The Nationals and Wilson Ramos suffered a crushing injury earlier this week when Ramos tore his ACL — an unfortunate incident that will obviously prevent him from playing in the postseason and may severely hamper his free-agent stock this winter. The full extent of his injury won’t be known until he goes under the knife, but Ken Rosenthal of FOX Sports tweeted earlier this morning that it’s believed there could be damage to Ramos’ meniscus as well, which certainly wouldn’t make rehab any easier.
Ramos is thinking of the team first, he told reporters, including MASNsports.com’s Byron Kerr (via an interpreter), explaining how difficult it will be if his injury and rehab needs force him to watch the postseason from home rather than alongside his teammates. Manager Dusty Baker said he’s hopeful that Ramos can at least be available to stay with the team during the playoffs so that he can provide leadership and instill some wisdom and scouting reports into backstops Pedro Severino and Jose Lobaton in October.
From a personal standpoint, Ramos said he hopes to remain with the Nationals but conceded that he’s not sure he’ll be able to play with a National League club next season — seemingly implying that his knee injury may require some days as a designated hitter, at least in his first year back: “Unfortunately, this injury happened so close to the end and it may affect whether I’m able to stay with a National League team or not, but if it’s up to me, I definitely would like to keep playing for the Nationals and play as long as I can.”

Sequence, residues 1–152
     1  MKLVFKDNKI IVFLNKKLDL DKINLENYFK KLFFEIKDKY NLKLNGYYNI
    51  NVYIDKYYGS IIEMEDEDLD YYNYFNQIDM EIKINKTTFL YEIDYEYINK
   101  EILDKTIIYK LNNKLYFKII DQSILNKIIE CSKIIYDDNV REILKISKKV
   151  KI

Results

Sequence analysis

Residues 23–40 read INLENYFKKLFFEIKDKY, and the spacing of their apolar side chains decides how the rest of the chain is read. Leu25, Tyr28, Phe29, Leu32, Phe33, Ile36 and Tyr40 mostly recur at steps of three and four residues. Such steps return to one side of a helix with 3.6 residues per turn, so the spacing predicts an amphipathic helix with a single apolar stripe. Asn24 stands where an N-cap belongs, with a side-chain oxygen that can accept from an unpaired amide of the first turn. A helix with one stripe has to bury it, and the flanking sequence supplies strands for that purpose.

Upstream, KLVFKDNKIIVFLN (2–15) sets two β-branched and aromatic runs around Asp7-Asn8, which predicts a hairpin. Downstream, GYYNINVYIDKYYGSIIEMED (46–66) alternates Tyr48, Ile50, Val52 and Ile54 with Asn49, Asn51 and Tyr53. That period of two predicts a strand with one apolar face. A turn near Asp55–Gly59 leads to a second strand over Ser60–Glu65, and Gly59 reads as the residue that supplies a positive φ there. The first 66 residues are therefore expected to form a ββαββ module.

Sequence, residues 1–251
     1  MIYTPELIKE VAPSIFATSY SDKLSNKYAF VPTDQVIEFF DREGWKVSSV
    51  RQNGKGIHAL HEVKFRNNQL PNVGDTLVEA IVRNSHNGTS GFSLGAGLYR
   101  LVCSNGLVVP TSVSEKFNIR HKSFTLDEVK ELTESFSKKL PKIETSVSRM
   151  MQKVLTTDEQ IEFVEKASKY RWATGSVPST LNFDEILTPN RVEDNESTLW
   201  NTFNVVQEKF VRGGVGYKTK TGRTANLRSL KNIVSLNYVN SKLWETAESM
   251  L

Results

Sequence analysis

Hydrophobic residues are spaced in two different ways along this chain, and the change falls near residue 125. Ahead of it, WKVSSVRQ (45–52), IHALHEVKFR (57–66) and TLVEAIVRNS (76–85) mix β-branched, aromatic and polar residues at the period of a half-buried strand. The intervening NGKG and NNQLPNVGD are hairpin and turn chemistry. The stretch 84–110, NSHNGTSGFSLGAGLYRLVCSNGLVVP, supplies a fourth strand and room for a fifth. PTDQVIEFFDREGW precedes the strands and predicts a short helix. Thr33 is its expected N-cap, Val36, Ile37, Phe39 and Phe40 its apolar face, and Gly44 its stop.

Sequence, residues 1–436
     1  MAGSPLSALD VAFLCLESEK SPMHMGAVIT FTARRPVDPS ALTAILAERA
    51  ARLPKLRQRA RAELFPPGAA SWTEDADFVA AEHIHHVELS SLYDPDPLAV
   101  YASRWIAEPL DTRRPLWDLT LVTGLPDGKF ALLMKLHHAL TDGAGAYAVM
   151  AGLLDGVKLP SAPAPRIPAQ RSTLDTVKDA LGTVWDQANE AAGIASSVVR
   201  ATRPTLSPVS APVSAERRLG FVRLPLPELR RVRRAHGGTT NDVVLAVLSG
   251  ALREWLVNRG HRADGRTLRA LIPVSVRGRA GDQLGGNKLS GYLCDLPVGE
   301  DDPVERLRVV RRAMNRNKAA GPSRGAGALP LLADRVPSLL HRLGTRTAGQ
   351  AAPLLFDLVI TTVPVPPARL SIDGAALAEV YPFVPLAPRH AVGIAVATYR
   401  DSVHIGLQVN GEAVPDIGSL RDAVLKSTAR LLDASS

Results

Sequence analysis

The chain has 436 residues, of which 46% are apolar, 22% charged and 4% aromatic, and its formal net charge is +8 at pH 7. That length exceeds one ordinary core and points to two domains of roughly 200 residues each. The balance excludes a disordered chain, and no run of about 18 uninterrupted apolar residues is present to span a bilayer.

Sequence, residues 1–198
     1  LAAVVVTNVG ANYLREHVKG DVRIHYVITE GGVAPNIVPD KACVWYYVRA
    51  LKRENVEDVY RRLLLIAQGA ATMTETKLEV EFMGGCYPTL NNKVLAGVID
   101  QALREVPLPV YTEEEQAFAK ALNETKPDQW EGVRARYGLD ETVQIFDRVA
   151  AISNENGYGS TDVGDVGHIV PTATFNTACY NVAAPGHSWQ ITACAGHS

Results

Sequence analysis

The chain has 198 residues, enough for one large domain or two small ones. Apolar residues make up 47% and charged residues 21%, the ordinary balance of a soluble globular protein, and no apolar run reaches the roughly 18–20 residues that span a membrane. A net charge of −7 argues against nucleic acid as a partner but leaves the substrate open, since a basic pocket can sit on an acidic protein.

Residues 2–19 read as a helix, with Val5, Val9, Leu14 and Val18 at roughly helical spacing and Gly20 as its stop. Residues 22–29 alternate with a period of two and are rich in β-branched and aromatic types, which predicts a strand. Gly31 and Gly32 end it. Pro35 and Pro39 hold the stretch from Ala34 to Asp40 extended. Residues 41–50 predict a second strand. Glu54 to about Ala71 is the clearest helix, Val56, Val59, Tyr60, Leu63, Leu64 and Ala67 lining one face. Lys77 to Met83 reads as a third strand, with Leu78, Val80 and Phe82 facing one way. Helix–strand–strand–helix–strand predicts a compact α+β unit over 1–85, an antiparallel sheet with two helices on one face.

Ramos was previously a lock to receive and reject a qualifying offer in search of what we at MLBTR were projecting to be a five-year contract, though his untimely injury certainly reduces the likelihood of that scenario and probably eliminates it altogether. It’s difficult to know exactly where to peg Ramos’ free agent stock until we have a timeline for his recovery, and that won’t be known until after his surgery takes place. As MLBTR’s Jason Martinez observed, Yasmani Grandal underwent surgery in July 2013 to repair both his ACL and MCL but was ready for a full Spring Training and the Opening Day roster in 2014. Ramos’ injury, of course, is not only different but is potentially more difficult to rehab, as he’s older and this is the second time he’s torn his right ACL in his career.
If Ramos is able to make it back for a significant portion of the 2017 campaign and an American League club proves to be the best fit based on his medical evaluation, then there should be no shortage of teams on the lookout for a catcher this winter. The Angels, Astros, White Sox, Twins, Orioles and Rays could all use upgrades behind the dish (though a catcher with knee problems may wish to avoid running on the turf at Tropicana Field, and even at a reduced price, Ramos may prove too costly for Tampa Bay).